Plato writes that doxa can be understood as a faculty which allows one to produce opinions (Plato Republic, 476a-480a). However, it is important to not blindly follow the doxa of the many, lest we fall to ignorance. The divine Julian warns against putting blind faith in the mere opinions of others, writing that “so long as you are a slave to the opinions [doxa] of the many you have not yet approached freedom or tasted its nectar” (Flavius Claudius Iulianus, II 47). Instead we must look to the logos, or reason principles, to find true knowledge (epistími), rather than mere doxa. This can be complimentary to Aristotle, who writes of a specific doxa called endoxa, which is doxa that has withstood the test of debate. As such, endoxa can serve as a stepping stone on the path to discovering true knowledge, and thus it can lead to the development of many different schools of philosophy which may hold their own doxai about a God or ontologies while, simultaneously, still participating within the same religious tradition. For Hellenic Faith, we follow a particular doxa called Julian Hellenism, a sub-tradition within the Hellenic religion which ascribes to the philosophy of Iamblichean Platonism and the theology of Emperor Julian.
However, it is not enough to merely declare your belief in something without engaging with it on a deeper level. Aristotle’s ethical works inform us that three elements are necessary to successfully engage with philosophy (Nicomachean Ethics 10.9.1179b20ff) (Eudemian Ethics 1.1.1214al6ff):
- Physis: one’s disposition or natural ability,
- Mathesis: one’s study, and lastly,
- Askesis: one’s actual practice of what they have learned.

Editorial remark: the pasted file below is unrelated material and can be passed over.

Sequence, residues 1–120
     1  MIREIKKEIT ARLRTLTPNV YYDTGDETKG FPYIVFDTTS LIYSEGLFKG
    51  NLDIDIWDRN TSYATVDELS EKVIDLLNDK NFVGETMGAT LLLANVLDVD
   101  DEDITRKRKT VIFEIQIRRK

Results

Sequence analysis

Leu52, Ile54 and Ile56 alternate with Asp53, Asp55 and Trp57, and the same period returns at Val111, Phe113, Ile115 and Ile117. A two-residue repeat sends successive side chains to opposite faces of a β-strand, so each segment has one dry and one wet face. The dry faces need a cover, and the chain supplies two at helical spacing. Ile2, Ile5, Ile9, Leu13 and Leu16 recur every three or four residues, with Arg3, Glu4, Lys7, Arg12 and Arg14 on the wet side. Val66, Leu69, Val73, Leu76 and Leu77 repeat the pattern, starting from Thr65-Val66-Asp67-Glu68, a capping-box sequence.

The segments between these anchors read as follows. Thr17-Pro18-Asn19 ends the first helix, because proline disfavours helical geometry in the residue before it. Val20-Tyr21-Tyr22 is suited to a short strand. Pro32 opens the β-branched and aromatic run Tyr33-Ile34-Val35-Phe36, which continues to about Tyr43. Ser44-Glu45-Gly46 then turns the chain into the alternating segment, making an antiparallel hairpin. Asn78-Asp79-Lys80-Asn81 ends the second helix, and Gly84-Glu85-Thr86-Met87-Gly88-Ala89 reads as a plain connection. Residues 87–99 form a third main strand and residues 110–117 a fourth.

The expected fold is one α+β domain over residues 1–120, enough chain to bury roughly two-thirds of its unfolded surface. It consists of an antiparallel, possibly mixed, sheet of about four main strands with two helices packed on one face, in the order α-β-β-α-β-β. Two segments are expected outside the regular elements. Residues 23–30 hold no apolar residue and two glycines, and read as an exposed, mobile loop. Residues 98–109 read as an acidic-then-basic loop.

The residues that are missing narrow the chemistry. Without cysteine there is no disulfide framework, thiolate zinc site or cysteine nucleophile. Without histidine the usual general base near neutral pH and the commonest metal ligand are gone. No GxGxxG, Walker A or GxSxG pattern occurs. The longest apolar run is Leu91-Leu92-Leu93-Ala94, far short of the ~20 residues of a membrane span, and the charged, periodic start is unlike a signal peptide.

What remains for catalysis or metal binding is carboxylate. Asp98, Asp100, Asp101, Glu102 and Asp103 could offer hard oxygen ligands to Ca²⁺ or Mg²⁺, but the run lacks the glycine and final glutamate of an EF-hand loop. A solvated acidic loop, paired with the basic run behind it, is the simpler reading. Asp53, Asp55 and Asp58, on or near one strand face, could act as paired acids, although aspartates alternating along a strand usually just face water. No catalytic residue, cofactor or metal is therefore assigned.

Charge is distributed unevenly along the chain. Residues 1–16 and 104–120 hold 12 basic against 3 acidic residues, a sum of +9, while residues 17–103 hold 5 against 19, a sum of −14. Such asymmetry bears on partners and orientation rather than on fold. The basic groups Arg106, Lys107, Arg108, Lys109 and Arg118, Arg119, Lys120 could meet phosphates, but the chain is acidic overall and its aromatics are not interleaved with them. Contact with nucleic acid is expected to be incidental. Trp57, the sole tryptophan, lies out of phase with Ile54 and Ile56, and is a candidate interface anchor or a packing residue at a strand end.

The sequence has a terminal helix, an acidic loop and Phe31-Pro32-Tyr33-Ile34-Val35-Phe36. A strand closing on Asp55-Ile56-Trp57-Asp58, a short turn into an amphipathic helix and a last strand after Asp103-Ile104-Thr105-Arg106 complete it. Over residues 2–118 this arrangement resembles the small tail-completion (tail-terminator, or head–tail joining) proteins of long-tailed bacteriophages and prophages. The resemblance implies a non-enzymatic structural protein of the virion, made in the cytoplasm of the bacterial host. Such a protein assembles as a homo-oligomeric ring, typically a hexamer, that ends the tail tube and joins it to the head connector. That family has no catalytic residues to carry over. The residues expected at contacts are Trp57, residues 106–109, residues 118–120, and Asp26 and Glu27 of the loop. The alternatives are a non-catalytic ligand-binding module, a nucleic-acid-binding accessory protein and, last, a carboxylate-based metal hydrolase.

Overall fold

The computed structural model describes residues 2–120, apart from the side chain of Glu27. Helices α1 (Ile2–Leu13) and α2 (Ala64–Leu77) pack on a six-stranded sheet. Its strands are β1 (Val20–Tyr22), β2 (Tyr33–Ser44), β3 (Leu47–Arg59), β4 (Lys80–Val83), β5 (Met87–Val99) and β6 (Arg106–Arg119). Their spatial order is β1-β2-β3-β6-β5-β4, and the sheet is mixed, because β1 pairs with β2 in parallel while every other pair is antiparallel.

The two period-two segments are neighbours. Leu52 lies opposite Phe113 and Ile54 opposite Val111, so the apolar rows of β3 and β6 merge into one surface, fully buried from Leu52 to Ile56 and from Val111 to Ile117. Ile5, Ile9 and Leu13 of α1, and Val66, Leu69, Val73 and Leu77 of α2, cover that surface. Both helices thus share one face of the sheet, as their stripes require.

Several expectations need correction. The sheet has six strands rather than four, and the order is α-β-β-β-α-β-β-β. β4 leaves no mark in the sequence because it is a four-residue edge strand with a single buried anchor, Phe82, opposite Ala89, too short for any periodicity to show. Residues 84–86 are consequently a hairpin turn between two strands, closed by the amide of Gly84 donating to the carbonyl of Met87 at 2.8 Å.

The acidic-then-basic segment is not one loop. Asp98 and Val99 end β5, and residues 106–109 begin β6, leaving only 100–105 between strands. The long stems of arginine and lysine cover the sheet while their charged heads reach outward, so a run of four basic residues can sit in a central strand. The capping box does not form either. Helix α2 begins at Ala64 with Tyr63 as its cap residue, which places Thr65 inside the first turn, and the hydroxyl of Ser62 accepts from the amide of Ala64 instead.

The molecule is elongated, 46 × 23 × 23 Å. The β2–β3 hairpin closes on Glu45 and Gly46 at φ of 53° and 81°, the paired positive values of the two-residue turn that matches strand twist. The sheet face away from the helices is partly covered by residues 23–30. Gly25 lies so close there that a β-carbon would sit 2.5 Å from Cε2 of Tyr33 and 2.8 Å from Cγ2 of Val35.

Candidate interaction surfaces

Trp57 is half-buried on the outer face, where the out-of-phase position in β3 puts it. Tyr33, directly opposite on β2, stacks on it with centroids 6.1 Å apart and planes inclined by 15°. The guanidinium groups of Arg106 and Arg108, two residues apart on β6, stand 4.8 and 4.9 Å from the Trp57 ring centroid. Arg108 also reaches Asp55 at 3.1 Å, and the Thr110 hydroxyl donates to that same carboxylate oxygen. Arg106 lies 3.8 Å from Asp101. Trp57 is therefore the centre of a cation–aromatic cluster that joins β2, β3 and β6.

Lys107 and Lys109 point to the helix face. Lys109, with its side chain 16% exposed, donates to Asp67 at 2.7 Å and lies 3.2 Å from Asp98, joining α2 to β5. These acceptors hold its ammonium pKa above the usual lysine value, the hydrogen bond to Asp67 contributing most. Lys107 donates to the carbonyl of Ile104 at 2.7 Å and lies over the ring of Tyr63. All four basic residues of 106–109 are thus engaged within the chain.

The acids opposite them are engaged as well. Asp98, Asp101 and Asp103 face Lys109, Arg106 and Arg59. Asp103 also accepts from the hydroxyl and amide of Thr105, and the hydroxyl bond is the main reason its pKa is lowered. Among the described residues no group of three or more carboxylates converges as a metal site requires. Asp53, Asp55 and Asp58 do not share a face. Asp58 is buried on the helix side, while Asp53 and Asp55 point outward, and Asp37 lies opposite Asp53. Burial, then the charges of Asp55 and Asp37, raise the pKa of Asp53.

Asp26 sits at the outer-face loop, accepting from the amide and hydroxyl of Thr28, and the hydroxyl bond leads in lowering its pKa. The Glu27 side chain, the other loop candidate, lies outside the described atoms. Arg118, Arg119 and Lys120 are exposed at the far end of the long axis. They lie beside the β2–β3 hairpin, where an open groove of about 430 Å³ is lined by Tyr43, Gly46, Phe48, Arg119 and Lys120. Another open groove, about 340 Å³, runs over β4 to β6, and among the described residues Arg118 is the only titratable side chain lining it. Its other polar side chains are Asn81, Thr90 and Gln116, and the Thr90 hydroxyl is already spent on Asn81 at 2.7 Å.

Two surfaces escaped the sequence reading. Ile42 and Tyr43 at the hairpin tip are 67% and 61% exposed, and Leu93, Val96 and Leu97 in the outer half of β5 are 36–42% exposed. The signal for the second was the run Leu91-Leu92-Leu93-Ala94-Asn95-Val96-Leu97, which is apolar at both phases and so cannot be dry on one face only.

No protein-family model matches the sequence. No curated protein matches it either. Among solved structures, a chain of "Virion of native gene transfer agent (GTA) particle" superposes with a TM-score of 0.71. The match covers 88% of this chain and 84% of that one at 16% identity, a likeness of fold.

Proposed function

Whilst physis and mathesis are both important, it is askesis whose importance is often overlooked. This is because of the specific way it was understood in the context of ancient philosophy. Askesis can “equally well refer to going over one’s irregular verbs, if one is learning a language, or doing one’s training, if one is learning how to throw the javelin; but in the context of ancient philosophy, which was, after all, a bios, or “way of life,” as well as a body of doctrines, askesis could fairly be seen to refer to practices that might be regarded as “ascetic”” (Wimbush & Valantis 1998, 86).
In short, one must apprise and express their doxa through praxis. This is because our actions can have a positive or negative impact on the health of our souls. We can be sinful, or we can be virtuous. If I go out and murder someone in cold blood without good reason, this vice will negatively impact my soul. Conversely, if I go out of my way to do virtue and thus spread the Good such as by donating to charities, volunteering to aid the homeless, helping the elderly cross the street, etc., this attempt to bring the Good would bring me closer to the divine. As such, actions which imitate the divine, such as religious rituals, also cultivate virtue and thus have a good effect on one’s relationship with the Gods– especially because when those who engage in praxis are going out of their way to actually engage with the Gods and their tradition beyond “thoughts and prayers.”
“Prayers without sacrifice are only words, and prayers with sacrifice are animated words.”
–Sallustius (On the Gods and the World, XVI)
Praxis (meaning “doing” or “activity”) surrounds work/deeds and entails the correct conduct with regards to actions of tradition and the continuance or integrity thereof, of ritual, and other enactments of religious practice. It not only implies the correct observance of rituals, but can even extend to an entire lifestyle. Ritual animates belief, and it is through praxis that the teachings and methods of one’s beliefs (doxa) are brought into their everyday life, where they are not simply memorized, but integrated and lived in accordance to.